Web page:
Things You'll Need
Lobster tails, with their sweet and tender meat, can be cooked in a variety of ways, but steaming them is one of the easiest. The lobster tail shells need only to be partially split open first, allowing the steam to easily get to the meat. You can use an everyday metal steamer set inside of a pot to steam the lobster tails, which only take a few minutes to cook. Adding fragrant aromatics to the water helps infuse flavor into the lobsters as they steam.
Defrost frozen lobster tails overnight in the refrigerator, or sealed in a plastic bag and submerged in cold water if you are short on time.
Insert kitchen shears between the meat and the top shell and cut the shell down to the tail. Pry the shell apart slightly where you cut, which will allow steam to get inside the shell and into the meat more easily.
Add an inch or so of water in a large pot and insert a metal steamer basket. The water should reach just below, but not touching the steamer pot. You can choose to add aromatic herbs such as rosemary, thyme, bay leaves and garlic cloves to the water, adding extra flavor to the lobster tails. Bring the water to a boil.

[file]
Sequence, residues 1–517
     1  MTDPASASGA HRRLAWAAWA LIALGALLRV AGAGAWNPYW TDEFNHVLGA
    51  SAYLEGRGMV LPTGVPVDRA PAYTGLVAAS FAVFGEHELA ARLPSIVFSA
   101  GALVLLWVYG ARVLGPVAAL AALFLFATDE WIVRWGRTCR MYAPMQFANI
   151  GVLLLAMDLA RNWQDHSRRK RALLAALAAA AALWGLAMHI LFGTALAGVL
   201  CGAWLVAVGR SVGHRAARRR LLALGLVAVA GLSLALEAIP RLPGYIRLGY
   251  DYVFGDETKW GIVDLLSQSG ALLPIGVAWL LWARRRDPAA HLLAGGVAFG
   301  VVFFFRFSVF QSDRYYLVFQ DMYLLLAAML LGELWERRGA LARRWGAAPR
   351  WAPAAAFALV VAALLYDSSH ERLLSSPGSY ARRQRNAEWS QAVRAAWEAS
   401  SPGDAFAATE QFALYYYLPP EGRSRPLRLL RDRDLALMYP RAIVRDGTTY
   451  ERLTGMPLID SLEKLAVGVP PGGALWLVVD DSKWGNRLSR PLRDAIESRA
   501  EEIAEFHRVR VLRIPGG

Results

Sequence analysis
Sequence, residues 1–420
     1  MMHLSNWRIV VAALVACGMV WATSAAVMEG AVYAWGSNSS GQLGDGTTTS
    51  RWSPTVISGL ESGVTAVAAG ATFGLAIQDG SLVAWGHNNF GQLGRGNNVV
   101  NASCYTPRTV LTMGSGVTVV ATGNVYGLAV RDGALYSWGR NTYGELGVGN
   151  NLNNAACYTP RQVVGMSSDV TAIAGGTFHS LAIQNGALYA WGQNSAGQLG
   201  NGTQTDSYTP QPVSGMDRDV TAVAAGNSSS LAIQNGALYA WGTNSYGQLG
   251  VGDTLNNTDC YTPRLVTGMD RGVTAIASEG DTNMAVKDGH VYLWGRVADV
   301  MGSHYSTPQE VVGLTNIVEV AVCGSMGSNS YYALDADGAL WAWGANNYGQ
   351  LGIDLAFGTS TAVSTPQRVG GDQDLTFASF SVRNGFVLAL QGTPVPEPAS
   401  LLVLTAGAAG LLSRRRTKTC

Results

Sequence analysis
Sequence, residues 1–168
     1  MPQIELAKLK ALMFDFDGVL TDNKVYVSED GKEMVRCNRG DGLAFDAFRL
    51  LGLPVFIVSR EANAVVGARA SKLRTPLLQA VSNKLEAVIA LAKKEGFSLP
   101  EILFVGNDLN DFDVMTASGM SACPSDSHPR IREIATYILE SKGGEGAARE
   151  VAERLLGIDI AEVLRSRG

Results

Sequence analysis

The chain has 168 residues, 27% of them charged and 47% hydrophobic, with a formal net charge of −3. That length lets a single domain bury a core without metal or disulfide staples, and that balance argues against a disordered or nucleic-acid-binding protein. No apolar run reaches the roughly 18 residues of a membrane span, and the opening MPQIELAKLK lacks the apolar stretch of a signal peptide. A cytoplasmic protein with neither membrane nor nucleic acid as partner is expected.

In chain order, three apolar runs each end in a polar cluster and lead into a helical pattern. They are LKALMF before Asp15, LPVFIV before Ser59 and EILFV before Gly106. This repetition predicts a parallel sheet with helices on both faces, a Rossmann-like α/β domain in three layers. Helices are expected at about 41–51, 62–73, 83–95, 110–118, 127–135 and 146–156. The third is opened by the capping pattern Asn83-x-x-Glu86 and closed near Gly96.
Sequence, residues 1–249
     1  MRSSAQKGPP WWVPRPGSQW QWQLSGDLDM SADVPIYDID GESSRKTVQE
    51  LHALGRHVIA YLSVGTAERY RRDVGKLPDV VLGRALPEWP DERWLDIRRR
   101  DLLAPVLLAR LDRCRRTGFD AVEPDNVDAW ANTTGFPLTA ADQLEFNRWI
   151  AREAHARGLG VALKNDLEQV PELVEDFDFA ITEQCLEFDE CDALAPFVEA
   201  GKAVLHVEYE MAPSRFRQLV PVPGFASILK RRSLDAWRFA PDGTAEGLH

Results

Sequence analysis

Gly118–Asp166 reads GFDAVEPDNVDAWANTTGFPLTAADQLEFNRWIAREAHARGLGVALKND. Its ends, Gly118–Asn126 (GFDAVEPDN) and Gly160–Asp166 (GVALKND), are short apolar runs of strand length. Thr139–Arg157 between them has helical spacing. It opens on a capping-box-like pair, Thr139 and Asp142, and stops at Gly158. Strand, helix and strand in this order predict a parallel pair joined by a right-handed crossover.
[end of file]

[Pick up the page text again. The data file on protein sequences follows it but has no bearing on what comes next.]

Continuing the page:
Add the lobster tails to the steamer basket and cover the pot with its lid. Steam the lobster tails until the shell has turned a deep red and the lobster meat has turned from translucent to completely opaque, about 7 to 8 minutes.
Remove the lobster tails from the steamer pot using tongs and serve them immediatley with melted butter and lemon wedges.
If you are not serving the lobster tails right away, placed them in a bowl of ice water to stop the cooking process, or they will end up overcooked and rubbery. You can gently reheat the lobster tails in an oven set to 170 degrees Fahrenheit.
To butterfly the lobster tail before cooking, after you split the shell, loosen the meat from the sides of the shell, keeping it attached only to the base. Lift the meat and lay it on top of the shell. Pull it apart gently like an open book to create the butterfly effect.
- Clemson Cooperative Extension: Safe Handling of Seafood
- The Cooking Fishmonger: Cooking Lobster Tails
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- The Cooking Block: Celebrate Your Cooking Skills By Cooking Lobster Tails
- Food and Drug Administration: Fresh and Frozen Seafood: Selecting and Serving it Safely
- Presidential Inauguration: Luncheon - Lobster Tails